Authors take this path when they write themselves into a corner. They’ve invested too much in a villain’s redemption arc to not go through with it, but they aren’t willing to change who the story is about. Despite what the authors might hope, the audience will always notice. People pay attention to consistency. It’s irritating when a character who could punch through steel walls last season is now as meek as a kitten. It robs the redemption arc of all meaning, because the former villain is now a different, much less interesting character.

What to Do Instead

There’s always the option of killing the villain after they switch sides. You won’t see Darth Vader fighting beside the Rebels anytime soon. But that’s a cop-out, and often a bad trope in its own right.

Instead, focus on what the villain loses by switching sides. If their power comes from being a military officer, it’s unlikely they’ll convince all their soldiers to switch sides with them. If the villain is a swordmaster, they might have to give up the cursed blade that keeps them immune from harm. Not only does that mean the new good guy has a reason to be less powerful, but it makes their switch more meaningful because they sacrificed for it.

At the same time, the former villain needs to bring something new, otherwise they’ll fall by the wayside and be forgotten. Even without their army, the military officer brings tactical training and expertise that none of the other characters have. The swordmaster also knows how to forge new blades, keeping the ragtag protagonists well-armed.

3. Characters With No Experience Are Better Than Experts

The very image of competence.
The very image of competence.

The protagonist has spent all of their life farming, yet within moments of picking up a sword they’re defeating trained soldiers. If we’re lucky, we’ll get a short training montage. In Legend of the Seeker, we don’t even get that much. Richard doesn’t even practice before becoming an engine of destruction. In one scene he’s never held a sword, then he’s matching blades with an elite warrior, then he’s taking on dozens of enemies single-handedly. It’s so over the top, you can’t watch it without laughing.*

This is perhaps the most annoying aspect of the Chosen One trope. Authors want their characters to start off as disadvantaged underdogs like Frodo, but they want them to end up as ultimate badasses like Aragorn. While this transformation is possible, it has to be stretched out over a long period to be believable. No matter how many prophecies you quote, no one will believe the peasant child becoming an expert killer after an afternoon’s practice.

While it’s true that audiences like a competent protagonist, that competence must be earned. Characters who are super good without even trying are not looked on favorably. Most people know on some level that it takes hard work to get better at something. Neophyte experts are irritating, because it feels like the author is leaning out from behind the page and saying “see how much better this guy is than you?”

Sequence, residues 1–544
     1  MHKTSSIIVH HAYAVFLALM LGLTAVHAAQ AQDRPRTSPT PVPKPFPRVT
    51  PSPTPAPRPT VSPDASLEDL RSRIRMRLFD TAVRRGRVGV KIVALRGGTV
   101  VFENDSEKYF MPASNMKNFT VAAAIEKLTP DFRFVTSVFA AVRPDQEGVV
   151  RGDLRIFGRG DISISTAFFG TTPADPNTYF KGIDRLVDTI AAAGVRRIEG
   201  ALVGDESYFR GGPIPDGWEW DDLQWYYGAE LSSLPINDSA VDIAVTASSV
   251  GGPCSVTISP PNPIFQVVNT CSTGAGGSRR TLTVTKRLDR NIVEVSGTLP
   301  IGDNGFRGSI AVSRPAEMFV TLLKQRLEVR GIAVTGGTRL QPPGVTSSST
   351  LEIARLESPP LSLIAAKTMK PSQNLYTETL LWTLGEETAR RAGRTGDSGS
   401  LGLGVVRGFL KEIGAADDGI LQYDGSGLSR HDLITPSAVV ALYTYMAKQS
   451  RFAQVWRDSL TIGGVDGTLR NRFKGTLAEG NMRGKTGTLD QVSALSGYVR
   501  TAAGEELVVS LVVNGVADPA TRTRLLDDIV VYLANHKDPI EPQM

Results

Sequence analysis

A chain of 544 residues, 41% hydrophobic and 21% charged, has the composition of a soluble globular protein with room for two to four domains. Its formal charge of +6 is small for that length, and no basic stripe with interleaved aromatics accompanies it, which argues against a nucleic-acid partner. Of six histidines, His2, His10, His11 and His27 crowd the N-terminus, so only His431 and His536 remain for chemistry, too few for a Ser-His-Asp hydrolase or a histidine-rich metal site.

What’s even worse is when the neophyte is taught by someone who actually earned their ability. The audience is left wondering why the mentor isn’t the main character. Nowhere is this more clear than the recent Ant-Man film. Hope spends all her time training an unprepared Scott how to use the shrink suit and ant-control device, when it’s clear she should be the one going on the mission. Not only has she been practicing the necessary skills since childhood, but she also really wants to go. Instead, the film ties its plot in knots trying to justify why Scott has to be the one wearing the suit.

Not only is this nonsensical, but it’s sexist as well. Trinity from the Matrix, Valka from How to Train Your Dragon 2, there’s a long list of highly competent female characters who are pushed aside in favor a male with no idea what he’s doing.

What to Do Instead

It’s OK to start your character at a decent level of competence. Han Solo, Terminator II’s Sarah Connor, Harry Dresden: These are all characters who begin the story with enough expertise to get the job done. They can still learn and grow, but no one is questioning why they’re here in the first place.

You can also have characters with lower levels of ability, but have the story hinge on one of their overlooked qualities. Frodo isn’t a great fighter, but he is good at resisting Sauron’s call. That’s why he works as a main character, because the most important skill for defeating the Dark Lord isn’t sword fighting; it’s not falling to temptation.

If you’re dead set on a character who begins the story with no ability and ends as the master of their craft, you have to do a lot of work to justify it. Gaining new skills must be part of their journey, and they must sacrifice in order to do it. The Luke Skywalker model works fairly well here. His training on Dagobah requires him to re-examine his preconceptions about what a great warrior looks like and whether he’ll be able to defeat the Empire with anger alone. When the time comes to make a sacrifice, by letting his friends stay in Imperial clutches, he can’t do it. Because he couldn’t let go of his friends, Luke loses his battle with Vader. A harsh consequence indeed.